visuals. His work portrays synchronised movement between the translucence of ocean waves and schools of wild fish on the shores of Malaysian fishing islands. Consequently, he produces still images that invoke graceful movement.”

Black Eye Gallery
3/138 Darlinghurst Rd, Darlinghurst 2010 02 8084 75

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Gordon Parks @ Foam

Untitled, Watts, California, 1967 © Gordon Parks / Courtesy of The Gordon Parks Foundation

Gordon Parks – I Am You. Selected works 1942 – 1978
16 June – 6 September 2017

“The camera can be a powerful weapon against repression, racism, violence, and inequality. The American photographer Gordon Parks (1912-2006) referred to the camera as his “weapon of choice” and used photography to expose the deep divisions in American society. Parks was an important champion of equal rights for African Americans and in his work addressed themes such as poverty, marginalisation and injustice. Aside from his iconic portraits of legends like Martin Luther King, he especially achieved fame through his photographic essays for the prestigious Life Magazine and his films The Learning Tree and Shaft. With the exhibition Gordon Parks – I Am You. Selected Works 1942-1978, Foam presents 120 works from the collection of The Gordon Parks Foundation, including vintage prints, contact sheets, magazines, and film excerpts.”

Foam
Keizersgracht 609
1017 DS Amsterdam

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Interview with photographer Ellen Jantzen

Cary Benbow (CB): Can you please explain the idea behind your portfolio images submitted to this Color issue? How do they relate to your other projects, or how is it significantly different?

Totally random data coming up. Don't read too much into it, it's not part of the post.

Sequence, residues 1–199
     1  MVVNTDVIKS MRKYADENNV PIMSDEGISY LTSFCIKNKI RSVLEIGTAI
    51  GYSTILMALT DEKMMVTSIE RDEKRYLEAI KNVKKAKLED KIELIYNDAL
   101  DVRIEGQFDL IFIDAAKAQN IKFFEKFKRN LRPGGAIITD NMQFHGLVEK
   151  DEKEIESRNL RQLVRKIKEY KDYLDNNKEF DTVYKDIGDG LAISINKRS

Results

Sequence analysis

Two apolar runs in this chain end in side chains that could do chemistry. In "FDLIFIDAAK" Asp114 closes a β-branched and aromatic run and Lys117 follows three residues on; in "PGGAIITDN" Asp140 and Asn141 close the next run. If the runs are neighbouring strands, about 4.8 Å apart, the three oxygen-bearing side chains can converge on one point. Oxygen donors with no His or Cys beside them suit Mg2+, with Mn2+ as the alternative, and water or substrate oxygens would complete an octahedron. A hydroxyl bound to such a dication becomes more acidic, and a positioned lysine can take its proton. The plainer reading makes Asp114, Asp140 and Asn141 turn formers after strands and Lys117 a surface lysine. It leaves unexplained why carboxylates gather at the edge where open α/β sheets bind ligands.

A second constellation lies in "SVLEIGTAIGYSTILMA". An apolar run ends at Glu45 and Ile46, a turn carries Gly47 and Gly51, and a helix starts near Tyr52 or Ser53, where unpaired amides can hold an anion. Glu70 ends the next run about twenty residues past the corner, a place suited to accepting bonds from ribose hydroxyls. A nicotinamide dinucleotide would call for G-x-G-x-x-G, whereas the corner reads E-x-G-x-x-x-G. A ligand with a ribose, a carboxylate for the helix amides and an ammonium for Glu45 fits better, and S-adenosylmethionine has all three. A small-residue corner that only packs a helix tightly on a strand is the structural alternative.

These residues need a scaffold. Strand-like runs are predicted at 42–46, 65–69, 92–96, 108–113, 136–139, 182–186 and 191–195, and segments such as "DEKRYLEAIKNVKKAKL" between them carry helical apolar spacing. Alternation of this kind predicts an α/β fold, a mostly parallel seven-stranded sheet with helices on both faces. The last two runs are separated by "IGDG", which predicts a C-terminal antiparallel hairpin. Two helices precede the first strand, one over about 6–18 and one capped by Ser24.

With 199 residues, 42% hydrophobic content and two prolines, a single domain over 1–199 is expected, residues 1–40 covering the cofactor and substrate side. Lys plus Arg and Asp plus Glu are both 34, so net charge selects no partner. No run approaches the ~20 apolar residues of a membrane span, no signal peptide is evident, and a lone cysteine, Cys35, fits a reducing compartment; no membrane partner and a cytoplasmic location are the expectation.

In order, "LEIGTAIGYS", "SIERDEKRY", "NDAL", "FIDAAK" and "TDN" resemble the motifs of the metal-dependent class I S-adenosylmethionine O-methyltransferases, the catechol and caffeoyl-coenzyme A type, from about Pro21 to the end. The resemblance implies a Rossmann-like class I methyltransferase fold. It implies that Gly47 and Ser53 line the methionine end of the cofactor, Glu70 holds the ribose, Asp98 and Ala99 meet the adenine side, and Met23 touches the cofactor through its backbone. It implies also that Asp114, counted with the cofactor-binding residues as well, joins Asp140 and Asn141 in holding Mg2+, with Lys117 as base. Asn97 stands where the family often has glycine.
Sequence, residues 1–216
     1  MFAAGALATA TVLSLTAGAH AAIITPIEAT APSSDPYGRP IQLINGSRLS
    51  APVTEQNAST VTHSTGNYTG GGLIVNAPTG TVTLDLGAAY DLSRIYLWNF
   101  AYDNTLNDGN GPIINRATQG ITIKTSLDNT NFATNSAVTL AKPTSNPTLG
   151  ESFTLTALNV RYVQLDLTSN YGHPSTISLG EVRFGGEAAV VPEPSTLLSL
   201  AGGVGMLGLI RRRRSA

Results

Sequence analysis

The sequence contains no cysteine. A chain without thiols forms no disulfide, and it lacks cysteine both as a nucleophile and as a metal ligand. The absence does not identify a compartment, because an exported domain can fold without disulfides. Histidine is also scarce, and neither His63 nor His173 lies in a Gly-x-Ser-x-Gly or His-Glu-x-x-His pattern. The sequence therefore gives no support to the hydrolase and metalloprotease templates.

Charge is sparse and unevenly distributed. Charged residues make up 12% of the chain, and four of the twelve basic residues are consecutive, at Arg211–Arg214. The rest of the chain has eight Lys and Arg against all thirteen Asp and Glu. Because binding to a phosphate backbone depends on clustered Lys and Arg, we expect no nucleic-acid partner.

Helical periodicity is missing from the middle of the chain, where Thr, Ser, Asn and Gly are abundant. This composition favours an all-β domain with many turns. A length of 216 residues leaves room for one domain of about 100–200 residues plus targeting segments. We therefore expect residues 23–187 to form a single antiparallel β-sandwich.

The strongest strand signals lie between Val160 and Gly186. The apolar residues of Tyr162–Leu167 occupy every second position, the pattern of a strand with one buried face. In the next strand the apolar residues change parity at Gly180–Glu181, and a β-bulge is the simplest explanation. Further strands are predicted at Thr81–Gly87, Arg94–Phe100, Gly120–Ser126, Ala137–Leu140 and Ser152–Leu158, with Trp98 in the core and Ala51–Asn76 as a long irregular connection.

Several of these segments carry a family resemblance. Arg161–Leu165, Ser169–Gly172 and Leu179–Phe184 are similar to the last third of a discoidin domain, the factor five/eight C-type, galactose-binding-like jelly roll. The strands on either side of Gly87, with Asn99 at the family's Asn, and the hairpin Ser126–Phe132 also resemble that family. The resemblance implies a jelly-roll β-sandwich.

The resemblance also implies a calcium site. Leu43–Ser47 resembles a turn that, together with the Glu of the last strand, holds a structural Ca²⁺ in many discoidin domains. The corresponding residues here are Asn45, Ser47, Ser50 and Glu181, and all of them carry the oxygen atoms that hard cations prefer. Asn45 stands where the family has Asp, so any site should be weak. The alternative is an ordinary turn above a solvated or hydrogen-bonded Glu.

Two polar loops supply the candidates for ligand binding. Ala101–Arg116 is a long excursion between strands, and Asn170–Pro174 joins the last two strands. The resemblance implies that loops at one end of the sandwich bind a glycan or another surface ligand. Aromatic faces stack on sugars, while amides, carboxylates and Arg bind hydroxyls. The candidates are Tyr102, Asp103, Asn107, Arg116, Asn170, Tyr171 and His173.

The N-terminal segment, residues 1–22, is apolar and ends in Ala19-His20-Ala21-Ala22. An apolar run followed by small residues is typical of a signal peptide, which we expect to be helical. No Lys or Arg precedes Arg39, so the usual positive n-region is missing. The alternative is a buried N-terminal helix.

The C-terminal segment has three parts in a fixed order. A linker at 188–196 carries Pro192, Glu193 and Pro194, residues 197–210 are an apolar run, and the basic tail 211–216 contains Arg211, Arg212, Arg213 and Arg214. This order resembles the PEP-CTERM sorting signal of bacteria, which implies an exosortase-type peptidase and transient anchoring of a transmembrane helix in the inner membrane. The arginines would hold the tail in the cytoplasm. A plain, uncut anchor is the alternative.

Ellen Jantzen (EJ): These images are from my “Coming Into Focus” series. I recently  moved from the Midwest where I concentrated on landscapes to New Mexico (specifically Santa Fe). This new environment brought both delight and fear of the unknown. In “Coming Into Focus” I am exploring how one’s environmental surroundings are absorbed into one’s psyche and how this changes through relocations. In these days of refugees relocating from their homelands to distant places, my move from the Midwest to the West may seem trivial, but there are still feelings of dislocation and assimilation that take place.

I am approaching this work as both a window through which I observe my new surroundings and a mirror where I bring my sensibilities to bear, reflecting on my inner state. My work in the Midwest was also dealing with memory.

CB: What are the distortions that appear in your photographs? What do they represent for you; do they have significance beyond their role in your scenes?

EJ: The distortions are my reinterpretation of reality. Reality is considered the state of the world, or of things as they exist. But, what actually exists? Are dreams “real”? Don’t people really experience their dreams? I believe that each person creates his or her own reality in some form.

My concept of reality (as expressed in my work) is a fluid state, ever changing…. Sometimes just out of reach. I feel there are parallel realities that can intersect and blend. I strive to reach outside of the conventional construct of what I real to draw inspiration for my work. This is one of the reasons photography is so compelling to me. It has been considered “truthful” and “real”, so gives me the opportunity of playing with that truth.

CB: There are elements of nature, wildlife, landscape, man’s inclusion/interaction with nature in your work – can you comment on why you choose to depict these elements in the way you do?

EJ: I have always been drawn to nature. Specifically, growing up in the Midwest gave me much to draw upon. The four seasons gave me the opportunity to revisit specific areas throughout the year and to witness vast differences. This directly influenced my memory pieces.